A new study from the RAND Corporation calls on policymakers to improve long-term services and supports (LTSS) for the growing number of people diagnosed with Alzheimer’s and other dementias and their caregivers. The report focuses on policy options at the intersection of dementia and LTSS.
An estimated 15 percent of Americans over age 70 suffer from dementia, but the number of seniors with Alzheimer’s disease is projected to triple by 2050, affecting as many as 14 million in the United States. This will place an unsustainable demand on dementia-related long-term services and supports, according to the report.
The estimated annual costs of dementia care are between $159 billion and $215 billion, which could more than double by 2040 if the age-specific prevalence rate of the disease remains constant as the nation’s population grows older. U.S. policymakers have made funding for clinical responses to dementia a priority.
“The majority of Americans’ cost-burden for dementia is caused by long-term care,” said Regina A. Shih, Ph.D., the study’s lead author and a senior behavioral scientist at RAND, in a press release. “As baby boomers reach the ages of highest dementia risk, the nation faces urgency in finding ways to improve long-term services and supports specifically for this condition. This issue is critical for families and loved ones who provide the bulk of dementia care.”
The study outlines 25 high-impact policy options that should be considered for adoption immediately. The recommendations are organized around five objectives:
- Increase public awareness of dementia to reduce stigma and promote earlier detection.
- Improve access to and use of long-term services and supports for people with dementia.
- Promote high-quality care that is focused on meeting the needs of individuals and family caregivers.
- Provide better support for family members who provide caregiving to people with dementia.
- Reduce the financial burden placed upon individuals and families who must pay for long-term services and support for people with dementia.
RAND researchers say meeting the objectives will require effort across multiple sectors and by numerous stakeholders, including groups that provide care or purchase care, as well as researchers and policymakers.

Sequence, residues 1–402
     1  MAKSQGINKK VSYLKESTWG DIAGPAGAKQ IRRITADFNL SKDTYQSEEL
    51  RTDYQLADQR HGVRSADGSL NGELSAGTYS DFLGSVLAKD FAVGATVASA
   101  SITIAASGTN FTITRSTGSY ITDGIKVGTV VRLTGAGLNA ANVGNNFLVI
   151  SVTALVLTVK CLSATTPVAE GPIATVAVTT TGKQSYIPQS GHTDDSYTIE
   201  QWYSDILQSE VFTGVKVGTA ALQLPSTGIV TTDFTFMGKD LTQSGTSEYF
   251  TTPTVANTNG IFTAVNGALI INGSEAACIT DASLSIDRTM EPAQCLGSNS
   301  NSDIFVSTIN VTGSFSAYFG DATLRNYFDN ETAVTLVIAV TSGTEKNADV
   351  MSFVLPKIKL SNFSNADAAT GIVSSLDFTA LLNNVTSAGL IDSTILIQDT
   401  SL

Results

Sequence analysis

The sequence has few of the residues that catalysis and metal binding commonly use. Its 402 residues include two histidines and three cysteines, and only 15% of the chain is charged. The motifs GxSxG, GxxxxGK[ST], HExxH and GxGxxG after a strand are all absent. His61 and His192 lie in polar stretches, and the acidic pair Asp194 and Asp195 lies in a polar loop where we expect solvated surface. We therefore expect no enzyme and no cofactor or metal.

New legislation or changes to existing regulations may be needed to authorize some policies, such as a proposed expansion of home and community-based services. Other barriers may be operational, such logistical challenges to linking together long-term care insurance and health insurance. Check out Lisa Zamosky’s article about why LTC insurance is necessary.
“There is no one single path that is the best one to follow to provide better care for people with dementia and improve support for their caregivers,” Shih said. “But what is clearly needed is more and quicker action around a set of recommendations to respond to this large and growing problem.”
RAND researchers found that one of the first steps to help individuals plan for long-term care needs is to increase detection and diagnosis of dementia through better outreach to the public and wider use of cognitive assessment tools by providers.
Researchers also highlighted the importance of promoting high quality, long-term care by centering care around individuals and family caregivers. This can be done by identifying them jointly during care, and improving coordination of care across different settings, including hospitals, emergency departments, nursing homes, home care and hospices.
Middle-class Americans, in particular, struggle with the high costs of dementia long-term care because they can’t afford long-term care insurance policies and often don’t qualify for government help under Medicaid, RAND researchers say. The report calls on policymakers and private industry to develop financially sustainable and affordable long-term care coverage.
The study notes that as fewer family caregivers will be available to care for aging baby boomers because of shrinking family sizes, high-impact policy options should better support those who are paid to provide dementia care. This includes more dementia-specific information and training, as well as greater financial incentives to specialize in the field of geriatrics.